6 More Truths About Cloud Computing
Why so soon? Because the cloud world is changing that quickly. Here's what's we've learned since May, as explained by panelists and keynoters:
1. Cloud isn't one thing -- and it's not the only thing
That was the thesis of Matt Laslie's morning keynote. As technical director of network technologies for Savvis (Nasdaq: SVVS) (now owned by CenturyLink Inc. (NYSE: CTL)), he's been supporting a hybrid approach -- not referring to public plus private clouds, but to the mixing of cloud services with whatever else an enterprise uses, including applications that (gasp!) aren't in the cloud.
"If you're an enterprise, it's fine to mix and match and work with your service provider to build a solution that is not necessarily 100 percent cloud," Laslie said.
For Savvis and some other service providers, cloud services aren't much different from other hosted and managed services. So, with some legwork, Savvis mixes all the elements -- connecting a private data center to Savvis-based cloud services via Savvis's MPLS network, for instance.
2. Enterprises are going to be really hard to serve
Small and medium businesses (SMB) have been the easy targets for cloud services: They don't want to own infrastructure and have no IT staff resisting the move to cloud. Now, cloud providers have to figure out how to attract enterprises -- beyond the occasional rogue enterprise division that taps Amazon Web Services Inc. .
"The thing that slows the enterprise adoption of cloud the most is [the thought of] somehow having to change the network configurations or the security policies they have in place," said Ellen Rubin, vice president of cloud products at Verizon Terremark , now part of Verizon Communications Inc. (NYSE: VZ).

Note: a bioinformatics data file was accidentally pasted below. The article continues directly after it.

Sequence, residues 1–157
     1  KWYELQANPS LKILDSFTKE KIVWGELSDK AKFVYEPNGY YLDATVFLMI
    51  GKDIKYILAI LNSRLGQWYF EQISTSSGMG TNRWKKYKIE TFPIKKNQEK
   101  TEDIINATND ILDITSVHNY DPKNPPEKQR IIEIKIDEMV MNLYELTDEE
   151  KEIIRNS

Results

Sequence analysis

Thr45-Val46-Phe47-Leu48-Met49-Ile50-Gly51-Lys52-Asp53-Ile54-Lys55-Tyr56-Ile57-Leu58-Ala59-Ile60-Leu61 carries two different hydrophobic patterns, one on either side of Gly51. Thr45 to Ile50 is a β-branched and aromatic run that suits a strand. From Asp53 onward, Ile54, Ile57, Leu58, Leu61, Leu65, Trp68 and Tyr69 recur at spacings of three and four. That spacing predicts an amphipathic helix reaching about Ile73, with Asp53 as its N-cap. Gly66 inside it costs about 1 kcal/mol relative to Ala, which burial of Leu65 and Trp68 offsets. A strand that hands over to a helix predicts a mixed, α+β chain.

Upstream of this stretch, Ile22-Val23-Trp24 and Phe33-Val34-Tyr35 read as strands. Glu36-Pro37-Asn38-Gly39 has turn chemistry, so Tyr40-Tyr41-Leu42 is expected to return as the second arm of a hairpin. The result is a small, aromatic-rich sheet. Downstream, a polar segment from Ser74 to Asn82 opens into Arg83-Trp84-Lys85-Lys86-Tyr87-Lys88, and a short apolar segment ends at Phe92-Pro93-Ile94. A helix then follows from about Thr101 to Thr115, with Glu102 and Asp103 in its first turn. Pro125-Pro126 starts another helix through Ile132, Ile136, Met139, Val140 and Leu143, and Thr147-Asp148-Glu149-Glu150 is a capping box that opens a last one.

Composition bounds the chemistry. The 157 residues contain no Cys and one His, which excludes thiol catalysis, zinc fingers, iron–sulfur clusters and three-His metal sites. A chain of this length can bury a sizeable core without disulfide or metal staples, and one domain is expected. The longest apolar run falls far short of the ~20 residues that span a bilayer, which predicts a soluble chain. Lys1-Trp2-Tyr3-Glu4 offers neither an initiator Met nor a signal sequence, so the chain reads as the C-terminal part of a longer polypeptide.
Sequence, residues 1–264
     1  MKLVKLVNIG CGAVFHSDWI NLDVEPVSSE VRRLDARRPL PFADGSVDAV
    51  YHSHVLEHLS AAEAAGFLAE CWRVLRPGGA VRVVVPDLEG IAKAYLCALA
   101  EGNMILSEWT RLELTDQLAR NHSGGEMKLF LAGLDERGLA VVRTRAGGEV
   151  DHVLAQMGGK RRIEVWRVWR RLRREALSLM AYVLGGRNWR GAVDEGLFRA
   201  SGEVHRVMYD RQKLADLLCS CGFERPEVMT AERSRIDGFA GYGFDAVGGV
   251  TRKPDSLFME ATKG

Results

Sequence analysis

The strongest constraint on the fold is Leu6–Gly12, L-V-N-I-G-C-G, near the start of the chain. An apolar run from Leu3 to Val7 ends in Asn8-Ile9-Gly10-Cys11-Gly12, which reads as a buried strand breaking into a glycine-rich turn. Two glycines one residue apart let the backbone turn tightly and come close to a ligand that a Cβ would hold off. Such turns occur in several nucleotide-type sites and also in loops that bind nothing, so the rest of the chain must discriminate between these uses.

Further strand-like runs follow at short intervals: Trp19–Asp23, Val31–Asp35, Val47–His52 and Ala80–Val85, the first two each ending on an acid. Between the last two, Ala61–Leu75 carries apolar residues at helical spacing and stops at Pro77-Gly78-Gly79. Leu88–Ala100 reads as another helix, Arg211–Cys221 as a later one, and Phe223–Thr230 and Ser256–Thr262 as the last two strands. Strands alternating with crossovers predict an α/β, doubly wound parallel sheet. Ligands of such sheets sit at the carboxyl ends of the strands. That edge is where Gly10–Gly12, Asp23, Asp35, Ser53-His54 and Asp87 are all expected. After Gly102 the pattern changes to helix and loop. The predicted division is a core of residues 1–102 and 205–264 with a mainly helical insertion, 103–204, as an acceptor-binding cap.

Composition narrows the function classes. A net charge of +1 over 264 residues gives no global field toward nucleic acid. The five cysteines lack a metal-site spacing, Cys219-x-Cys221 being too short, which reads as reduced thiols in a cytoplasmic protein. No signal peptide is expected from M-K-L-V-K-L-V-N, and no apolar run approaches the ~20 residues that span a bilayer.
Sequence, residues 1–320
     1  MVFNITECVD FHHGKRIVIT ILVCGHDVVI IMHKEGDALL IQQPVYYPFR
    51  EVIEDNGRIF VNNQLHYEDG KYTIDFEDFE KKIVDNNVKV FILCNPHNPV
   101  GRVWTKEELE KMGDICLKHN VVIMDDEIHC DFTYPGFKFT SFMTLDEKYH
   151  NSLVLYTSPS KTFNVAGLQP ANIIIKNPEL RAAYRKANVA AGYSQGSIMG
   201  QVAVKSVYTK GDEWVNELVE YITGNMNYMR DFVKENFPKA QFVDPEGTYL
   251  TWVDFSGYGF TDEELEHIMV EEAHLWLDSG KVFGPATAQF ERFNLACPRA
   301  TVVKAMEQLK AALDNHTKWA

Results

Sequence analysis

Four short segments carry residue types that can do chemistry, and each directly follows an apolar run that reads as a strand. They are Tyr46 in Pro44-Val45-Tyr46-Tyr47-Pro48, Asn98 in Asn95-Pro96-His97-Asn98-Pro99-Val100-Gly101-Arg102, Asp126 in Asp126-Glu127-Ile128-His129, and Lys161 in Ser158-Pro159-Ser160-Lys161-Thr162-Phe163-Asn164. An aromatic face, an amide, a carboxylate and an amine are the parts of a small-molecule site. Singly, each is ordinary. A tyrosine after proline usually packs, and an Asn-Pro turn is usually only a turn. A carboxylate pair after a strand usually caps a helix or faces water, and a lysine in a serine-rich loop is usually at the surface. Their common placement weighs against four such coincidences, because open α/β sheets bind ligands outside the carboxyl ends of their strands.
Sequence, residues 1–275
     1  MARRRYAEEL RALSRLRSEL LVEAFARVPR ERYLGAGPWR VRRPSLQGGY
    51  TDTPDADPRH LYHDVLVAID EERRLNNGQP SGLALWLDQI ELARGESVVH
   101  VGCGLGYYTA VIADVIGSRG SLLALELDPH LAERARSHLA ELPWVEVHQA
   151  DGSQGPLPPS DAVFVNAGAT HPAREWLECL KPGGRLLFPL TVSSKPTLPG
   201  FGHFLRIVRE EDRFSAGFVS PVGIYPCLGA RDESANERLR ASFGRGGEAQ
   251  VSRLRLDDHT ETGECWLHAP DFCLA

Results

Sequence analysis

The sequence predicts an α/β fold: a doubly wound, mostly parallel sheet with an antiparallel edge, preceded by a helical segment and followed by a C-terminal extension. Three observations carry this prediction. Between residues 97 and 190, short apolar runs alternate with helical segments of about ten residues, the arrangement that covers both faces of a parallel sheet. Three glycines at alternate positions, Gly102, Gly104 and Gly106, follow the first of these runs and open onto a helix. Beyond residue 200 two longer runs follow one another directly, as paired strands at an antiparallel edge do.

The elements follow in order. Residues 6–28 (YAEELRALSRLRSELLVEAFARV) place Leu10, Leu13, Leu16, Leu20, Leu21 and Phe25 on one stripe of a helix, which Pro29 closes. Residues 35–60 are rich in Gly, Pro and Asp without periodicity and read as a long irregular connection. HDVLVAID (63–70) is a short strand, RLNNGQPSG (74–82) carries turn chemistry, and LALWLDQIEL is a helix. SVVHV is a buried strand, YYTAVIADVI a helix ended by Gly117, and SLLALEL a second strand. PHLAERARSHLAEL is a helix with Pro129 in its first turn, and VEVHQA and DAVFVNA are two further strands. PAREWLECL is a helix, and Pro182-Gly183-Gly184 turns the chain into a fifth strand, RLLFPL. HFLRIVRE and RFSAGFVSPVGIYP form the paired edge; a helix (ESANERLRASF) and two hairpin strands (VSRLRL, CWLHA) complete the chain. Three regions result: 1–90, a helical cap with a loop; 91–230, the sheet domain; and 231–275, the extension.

How to get around that? Scott Bils, partner with The Everest Group, suggested tackling a specific business use case for an enterprise, rather than trying to sell "The Cloud." Bils cited one CIO who has ordered his staff to stop talking to vendors about "cloud" altogether, a sign that the hype has reached the eye-rolling stage.
Similarly, Scott Cain, BT Global Services 's chief architect and CTO, explained that his company's sales strategy involves not just targeting vertical markets, but finding specific use cases in those markets.
Another possibility is that service providers start helping enterprises adjust to the cloud. "We definitely see some service providers moving into the IT consulting realm," said David Frattura, senior director of cloud strategy at Alcatel-Lucent (NYSE: ALU).
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